2. The emphasis in planning during the recovery phase shifts from the daily action plan to long-range management plans.  Much of this planning will be done by staff within individual ERT and EST sections or branches; Information and Planning staff collates the information and facilitates the process.

        3. Situation reporting and formal briefings should continue through the recovery phase, although the frequency of both should be gradually reduced.

        4. At least one Information and Planning staff member, normally a reports specialist, should remain on the FCO’s staff until the DFO is closed.  This facilitates the preparation of the after-action report, daily briefings, and talking points.

        5. A reduced staff should remain active at FEMA Headquarters to develop briefings, special reports, and SITREPs as needed.  When the requirement for regular reporting diminishes, this function should transition to the ICU.  FCO SITREPs can substitute for the headquarters SITREPs during this period.

        6.  
  9. Responsibilities

  10.  
    1. Primary Agency: Federal Emergency Management Agency

    2.  
      1. Coordinate the overall Federal effort to collect, analyze, process, synthesize, report, and display essential elements of information (EEIs) and to facilitate support for planning efforts in disaster operations;

      2. Coordinate Federal situation assessment to include remote sensing and reconnaissance operations, activation and deployment of assessment personnel or teams, and GIS support to operating disaster entities; and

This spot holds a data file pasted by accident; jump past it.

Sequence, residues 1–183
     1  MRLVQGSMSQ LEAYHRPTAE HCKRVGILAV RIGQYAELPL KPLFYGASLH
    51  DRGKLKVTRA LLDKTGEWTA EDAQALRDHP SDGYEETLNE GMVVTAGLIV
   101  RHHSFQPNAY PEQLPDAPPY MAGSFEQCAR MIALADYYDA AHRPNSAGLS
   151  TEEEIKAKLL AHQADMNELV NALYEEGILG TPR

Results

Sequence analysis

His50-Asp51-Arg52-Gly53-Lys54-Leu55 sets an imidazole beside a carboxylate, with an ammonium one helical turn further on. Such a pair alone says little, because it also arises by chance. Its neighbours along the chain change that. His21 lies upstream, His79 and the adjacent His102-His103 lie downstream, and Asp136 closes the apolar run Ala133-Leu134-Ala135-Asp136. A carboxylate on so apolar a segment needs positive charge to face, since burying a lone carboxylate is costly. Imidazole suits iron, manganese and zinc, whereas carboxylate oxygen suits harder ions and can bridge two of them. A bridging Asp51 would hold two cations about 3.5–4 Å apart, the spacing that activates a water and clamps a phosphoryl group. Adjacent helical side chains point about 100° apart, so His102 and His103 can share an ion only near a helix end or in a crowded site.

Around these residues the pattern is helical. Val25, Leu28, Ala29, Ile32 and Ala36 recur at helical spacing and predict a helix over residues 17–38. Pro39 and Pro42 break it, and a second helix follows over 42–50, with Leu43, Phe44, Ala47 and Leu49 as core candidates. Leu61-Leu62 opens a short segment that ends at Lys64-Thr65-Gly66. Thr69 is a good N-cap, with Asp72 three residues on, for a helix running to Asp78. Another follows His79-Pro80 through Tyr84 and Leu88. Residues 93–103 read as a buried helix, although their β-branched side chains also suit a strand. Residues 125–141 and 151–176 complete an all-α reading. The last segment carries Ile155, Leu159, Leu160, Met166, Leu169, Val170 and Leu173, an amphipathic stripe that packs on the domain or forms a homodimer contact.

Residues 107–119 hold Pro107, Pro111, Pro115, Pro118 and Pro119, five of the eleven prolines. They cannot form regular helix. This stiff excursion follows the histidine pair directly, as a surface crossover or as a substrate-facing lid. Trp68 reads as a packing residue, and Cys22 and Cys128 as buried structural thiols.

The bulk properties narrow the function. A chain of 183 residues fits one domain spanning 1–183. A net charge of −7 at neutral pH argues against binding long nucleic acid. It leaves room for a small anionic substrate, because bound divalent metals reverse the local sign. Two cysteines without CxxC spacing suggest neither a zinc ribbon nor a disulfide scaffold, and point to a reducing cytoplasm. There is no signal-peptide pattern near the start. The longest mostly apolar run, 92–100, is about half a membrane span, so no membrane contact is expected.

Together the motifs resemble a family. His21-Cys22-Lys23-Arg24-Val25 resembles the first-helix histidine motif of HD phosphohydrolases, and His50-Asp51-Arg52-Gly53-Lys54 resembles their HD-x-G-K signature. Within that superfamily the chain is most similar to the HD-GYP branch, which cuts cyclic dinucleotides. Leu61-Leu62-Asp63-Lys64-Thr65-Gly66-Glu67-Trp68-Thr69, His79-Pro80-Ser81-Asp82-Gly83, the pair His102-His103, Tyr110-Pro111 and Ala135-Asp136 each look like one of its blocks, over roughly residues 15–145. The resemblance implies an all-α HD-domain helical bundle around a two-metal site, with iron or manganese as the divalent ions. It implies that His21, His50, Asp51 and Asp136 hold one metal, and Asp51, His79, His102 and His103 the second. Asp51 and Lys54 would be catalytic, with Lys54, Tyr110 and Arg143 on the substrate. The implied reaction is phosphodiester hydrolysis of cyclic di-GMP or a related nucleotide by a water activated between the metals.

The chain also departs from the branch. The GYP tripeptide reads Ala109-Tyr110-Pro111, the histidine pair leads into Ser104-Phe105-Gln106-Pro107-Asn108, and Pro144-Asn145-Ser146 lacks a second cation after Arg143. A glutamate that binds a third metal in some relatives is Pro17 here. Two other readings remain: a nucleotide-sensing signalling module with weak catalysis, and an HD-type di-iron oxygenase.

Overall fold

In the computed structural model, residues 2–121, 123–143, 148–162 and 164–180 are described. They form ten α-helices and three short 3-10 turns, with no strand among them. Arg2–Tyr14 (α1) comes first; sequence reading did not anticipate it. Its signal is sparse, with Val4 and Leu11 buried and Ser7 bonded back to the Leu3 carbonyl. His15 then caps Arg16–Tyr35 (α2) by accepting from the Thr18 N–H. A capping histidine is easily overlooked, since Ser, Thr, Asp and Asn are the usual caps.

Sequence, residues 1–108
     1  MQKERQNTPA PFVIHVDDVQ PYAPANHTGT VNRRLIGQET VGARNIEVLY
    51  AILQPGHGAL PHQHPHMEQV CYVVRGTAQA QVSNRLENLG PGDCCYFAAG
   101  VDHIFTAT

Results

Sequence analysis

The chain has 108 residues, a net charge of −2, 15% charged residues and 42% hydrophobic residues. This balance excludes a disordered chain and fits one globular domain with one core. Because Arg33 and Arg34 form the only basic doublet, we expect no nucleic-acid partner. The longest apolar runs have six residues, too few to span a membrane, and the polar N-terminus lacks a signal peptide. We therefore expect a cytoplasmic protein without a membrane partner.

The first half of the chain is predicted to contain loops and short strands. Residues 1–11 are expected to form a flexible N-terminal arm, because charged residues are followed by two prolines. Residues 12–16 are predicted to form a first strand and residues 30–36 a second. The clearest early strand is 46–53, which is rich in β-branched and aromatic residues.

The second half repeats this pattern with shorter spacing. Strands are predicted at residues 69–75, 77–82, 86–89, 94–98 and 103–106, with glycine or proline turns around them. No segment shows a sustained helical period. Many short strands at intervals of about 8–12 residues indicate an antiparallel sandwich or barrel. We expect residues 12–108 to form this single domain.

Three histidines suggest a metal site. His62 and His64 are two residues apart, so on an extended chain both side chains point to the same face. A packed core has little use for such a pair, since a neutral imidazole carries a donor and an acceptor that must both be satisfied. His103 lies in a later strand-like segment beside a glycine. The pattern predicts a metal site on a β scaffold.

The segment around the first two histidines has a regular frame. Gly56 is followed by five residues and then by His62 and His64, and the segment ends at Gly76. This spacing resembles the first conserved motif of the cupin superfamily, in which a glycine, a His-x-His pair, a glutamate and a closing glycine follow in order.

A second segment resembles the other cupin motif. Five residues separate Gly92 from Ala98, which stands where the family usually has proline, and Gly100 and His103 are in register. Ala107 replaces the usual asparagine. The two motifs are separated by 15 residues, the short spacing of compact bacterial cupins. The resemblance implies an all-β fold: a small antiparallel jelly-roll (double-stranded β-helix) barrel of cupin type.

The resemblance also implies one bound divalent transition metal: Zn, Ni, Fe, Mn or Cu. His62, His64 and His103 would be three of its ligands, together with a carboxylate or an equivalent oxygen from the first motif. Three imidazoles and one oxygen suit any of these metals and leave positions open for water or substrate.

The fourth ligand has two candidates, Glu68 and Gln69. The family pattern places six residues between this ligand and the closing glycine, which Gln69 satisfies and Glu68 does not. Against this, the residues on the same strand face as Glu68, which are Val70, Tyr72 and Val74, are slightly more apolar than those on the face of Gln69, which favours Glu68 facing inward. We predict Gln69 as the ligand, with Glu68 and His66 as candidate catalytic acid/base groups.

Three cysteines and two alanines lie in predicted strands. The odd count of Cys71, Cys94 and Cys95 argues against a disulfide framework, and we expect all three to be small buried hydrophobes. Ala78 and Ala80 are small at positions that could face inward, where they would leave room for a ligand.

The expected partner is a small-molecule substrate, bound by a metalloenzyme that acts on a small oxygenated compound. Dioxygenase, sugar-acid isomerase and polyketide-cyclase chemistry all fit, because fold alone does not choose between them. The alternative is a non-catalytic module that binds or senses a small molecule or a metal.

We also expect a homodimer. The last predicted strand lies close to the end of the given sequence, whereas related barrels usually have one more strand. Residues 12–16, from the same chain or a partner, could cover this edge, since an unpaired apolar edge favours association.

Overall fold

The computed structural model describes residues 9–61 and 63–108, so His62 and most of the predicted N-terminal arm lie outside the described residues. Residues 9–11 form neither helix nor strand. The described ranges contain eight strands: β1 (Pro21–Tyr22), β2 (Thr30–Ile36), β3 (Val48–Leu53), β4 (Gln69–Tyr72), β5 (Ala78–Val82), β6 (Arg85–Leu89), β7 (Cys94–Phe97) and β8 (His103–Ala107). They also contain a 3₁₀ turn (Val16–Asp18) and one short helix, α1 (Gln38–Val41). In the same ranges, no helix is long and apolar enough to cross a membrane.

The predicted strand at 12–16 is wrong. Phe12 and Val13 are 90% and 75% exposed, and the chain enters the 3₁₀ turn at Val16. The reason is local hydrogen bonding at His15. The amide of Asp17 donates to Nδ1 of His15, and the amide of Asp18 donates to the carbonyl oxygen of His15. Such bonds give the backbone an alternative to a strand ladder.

3. Provide staffing support for Information and Planning Section activities at the State EOC, ROC, and DFO at the regional level and at FEMA Headquarters.

      4.  
    3. Support Agencies


    4. Department of Agriculture
      Department of Commerce (DOC)
        National Oceanic and Atmospheric Administration (NOAA)
          National Weather Service (NWS)
          National Ocean Service (NOS)
          Environmental Research Laboratories (ERL)
        National Institute of Standards and Technology (NIST)
      Department of Defense (DOD)
        Director of Military Support (DOMS)
        U.S. Army Corps of Engineers (USACE)
        National Imagery and Mapping Agency (NIMA)
      Department of Education (DOEd)
      Department of Energy (DOE)
      Department of Health and Human Services (HHS)
      Department of the Interior (DOI)
        U.S. Geological Survey (USGS)
      Department of Justice (DOJ)
      Department of Transportation (DOT)
        U.S. Coast Guard (USCG)